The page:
12/25/2007, 00.00
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Pope: heaven and earth meet in a stable in Bethlehem

Celebrating the Christmas midnight mass Benedict XVI that the coming of Christ “was not welcomed” by his city, or by Israel. But his message is to each and every one of us: welcome it’s meaning by “making space for Him”, by making space for God in our lives.

Vatican City (AsiaNews) - “In the stable at Bethlehem, Heaven and Earth meet.  Heaven has come down to Earth”, nature itself goes forth towards a second creation, now it is up to men to set forth towards that “stable”, to “touch the heart of God” and “make room for Him” in their lives.  This represents for us now, and for always, the night of the incarnation, as it was evoked by Benedict XVI in the long midnight mass celebrated in a St Peter’s Basilica resplendently lit, its altar adorned with red flowers.

That night in Bethlem, where, the Pope said, “was the moment that Israel had been awaiting for centuries, through many dark hours – the moment that all mankind was somehow awaiting, in terms as yet ill-defined:  when God would take care of us, when he would step outside his concealment, when the world would be saved and God would renew all things”. “Yet there is no room at the inn.  In some way, mankind is awaiting God, waiting for him to draw near.  But when the moment comes, there is no room for him.  Man is so preoccupied with himself, he has such urgent need of all the space and all the time for his own things, that nothing remains for others – for his neighbour, for the poor, for God.  And the richer men become, the more they fill up all the space by themselves.  And the less room there is for others”.

Bethlehem, Israel, indeed all humanity had no room for Jesus, “to each individual and to society as a whole.  Do we have time for our neighbour who is in need of a word from us, from me, or in need of my affection?  For the sufferer who is in need of help?  For the fugitive or the refugee who is seeking asylum?  Do we have time and space for God?  Can he enter into our lives?  Does he find room in us, or have we occupied all the available space in our thoughts, our actions, our lives for ourselves”.


“Thank God, this negative detail is not the only one”: “There are those who receive him, and thus, beginning with the stable, with the outside, there grows silently the new house, the new city, the new world.  The message of Christmas makes us recognize the darkness of a closed world, and thereby no doubt illustrates a reality that we see daily.  Yet it also tells us that God does not allow himself to be shut out.  He finds a space, even if it means entering through the stable; there are people who see his light and pass it on. Through the word of the Gospel, the angel also speaks to us, and in the sacred liturgy the light of the Redeemer enters our lives.  Whether we are shepherds or “wise men” – the light and its message call us to set out, to leave the narrow circle of our desires and interests, to go out to meet the Lord and worship him.  We worship him by opening the world to truth, to good, to Christ, to the service of those who are marginalized and in whom he awaits us.”.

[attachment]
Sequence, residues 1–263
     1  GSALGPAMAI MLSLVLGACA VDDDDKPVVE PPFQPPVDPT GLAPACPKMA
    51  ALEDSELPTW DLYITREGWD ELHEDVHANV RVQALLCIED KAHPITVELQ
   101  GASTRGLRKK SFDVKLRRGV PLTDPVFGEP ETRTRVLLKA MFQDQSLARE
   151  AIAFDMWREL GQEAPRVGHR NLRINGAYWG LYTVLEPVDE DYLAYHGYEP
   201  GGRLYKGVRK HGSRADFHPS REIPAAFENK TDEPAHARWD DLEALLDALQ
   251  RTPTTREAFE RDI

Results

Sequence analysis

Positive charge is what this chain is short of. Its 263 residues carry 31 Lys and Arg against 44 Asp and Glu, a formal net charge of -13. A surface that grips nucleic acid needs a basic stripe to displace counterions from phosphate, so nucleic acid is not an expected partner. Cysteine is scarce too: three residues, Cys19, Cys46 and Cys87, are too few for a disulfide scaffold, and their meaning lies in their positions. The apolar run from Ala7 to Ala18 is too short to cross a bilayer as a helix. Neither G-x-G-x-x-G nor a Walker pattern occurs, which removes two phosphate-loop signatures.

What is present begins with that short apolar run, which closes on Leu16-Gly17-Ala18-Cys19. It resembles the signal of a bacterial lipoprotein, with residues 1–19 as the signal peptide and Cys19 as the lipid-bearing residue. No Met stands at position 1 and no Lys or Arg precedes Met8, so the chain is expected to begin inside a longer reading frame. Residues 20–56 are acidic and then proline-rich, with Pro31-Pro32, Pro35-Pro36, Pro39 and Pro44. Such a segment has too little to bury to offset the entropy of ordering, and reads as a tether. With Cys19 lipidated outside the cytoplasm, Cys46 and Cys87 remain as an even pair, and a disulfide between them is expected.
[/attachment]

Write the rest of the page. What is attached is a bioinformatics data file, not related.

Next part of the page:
Benedict XVI then turned to a Father  of the Church Gregory of Nyssa, who applies the words of John  poi preso spunto da un Padre della Chiesa, Gregorio di Nissa, che applica le parole di Giovanni “He pitched his tent among us” (Jn 1:14).  Gregory applies this passage about the tent to the tent of our body, which has become worn out and weak, exposed everywhere to pain and suffering.  And he applies it to the whole universe, torn and disfigured by sin.  What would he say if he could see the state of the world today, through the abuse of energy and its selfish and reckless exploitation?  “.


“Thus, according to Gregory’s vision, the stable in the Christmas message represents the ill-treated world”. Jesus “He came to restore beauty and dignity to creation, to the universe:  this is what began at Christmas and makes the angels rejoice.  The Earth is restored to good order by virtue of the fact that it is opened up to God, it obtains its true light anew, and in the harmony between human will and divine will, in the unification of height and depth, it regains its beauty and dignity.  Thus Christmas is a feast of restored creation.  It is in this context that the Fathers interpret the song of the angels on that holy night:  it is an expression of joy over the fact that the height and the depth, Heaven and Earth, are once more united; that man is again united to God.  According to the Fathers, part of the angels’ Christmas song is the fact that now angels and men can sing together and in this way the beauty of the universe is expressed in the beauty of the song of praise”.


“In the stable at Bethlehem, Heaven and Earth meet.  Heaven has come down to Earth.  For this reason, a light shines from the stable for all times; for this reason joy is enkindled there; for this reason song is born there. ”. But “Heaven does not belong to the geography of space, but to the geography of the heart.  And the heart of God, during the Holy Night, stooped down to the stable:  the humility of God is Heaven.  And if we approach this humility, then we touch Heaven.  Then the Earth too is made new.  With the humility of the shepherds, let us set out, during this Holy Night, towards the Child in the stable!  Let us touch God’s humility, God’s heart!  Then his joy will touch us and will make the world more radiant”.


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